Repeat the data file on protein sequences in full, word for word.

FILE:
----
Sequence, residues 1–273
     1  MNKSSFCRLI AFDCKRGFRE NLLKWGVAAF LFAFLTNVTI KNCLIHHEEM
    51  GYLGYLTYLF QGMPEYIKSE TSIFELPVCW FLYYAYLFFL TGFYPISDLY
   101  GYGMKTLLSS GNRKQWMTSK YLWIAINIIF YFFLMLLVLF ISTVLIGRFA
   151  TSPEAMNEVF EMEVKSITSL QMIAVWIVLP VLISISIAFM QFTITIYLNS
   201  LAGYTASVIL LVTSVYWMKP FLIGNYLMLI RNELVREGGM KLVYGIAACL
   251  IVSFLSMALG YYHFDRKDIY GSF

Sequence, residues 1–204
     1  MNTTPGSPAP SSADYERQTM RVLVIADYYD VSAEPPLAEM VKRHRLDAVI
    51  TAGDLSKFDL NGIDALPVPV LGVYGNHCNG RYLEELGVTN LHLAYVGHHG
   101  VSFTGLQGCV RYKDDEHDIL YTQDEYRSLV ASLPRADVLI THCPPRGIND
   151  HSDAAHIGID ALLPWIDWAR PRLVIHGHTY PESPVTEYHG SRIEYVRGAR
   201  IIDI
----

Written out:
Sequence, residues 1–273
     1  MNKSSFCRLI AFDCKRGFRE NLLKWGVAAF LFAFLTNVTI KNCLIHHEEM
    51  GYLGYLTYLF QGMPEYIKSE TSIFELPVCW FLYYAYLFFL TGFYPISDLY
   101  GYGMKTLLSS GNRKQWMTSK YLWIAINIIF YFFLMLLVLF ISTVLIGRFA
   151  TSPEAMNEVF EMEVKSITSL QMIAVWIVLP VLISISIAFM QFTITIYLNS
   201  LAGYTASVIL LVTSVYWMKP FLIGNYLMLI RNELVREGGM KLVYGIAACL
   251  IVSFLSMALG YYHFDRKDIY GSF

Sequence, residues 1–204
     1  MNTTPGSPAP SSADYERQTM RVLVIADYYD VSAEPPLAEM VKRHRLDAVI
    51  TAGDLSKFDL NGIDALPVPV LGVYGNHCNG RYLEELGVTN LHLAYVGHHG
   101  VSFTGLQGCV RYKDDEHDIL YTQDEYRSLV ASLPRADVLI THCPPRGIND
   151  HSDAAHIGID ALLPWIDWAR PRLVIHGHTY PESPVTEYHG SRIEYVRGAR
   201  IIDI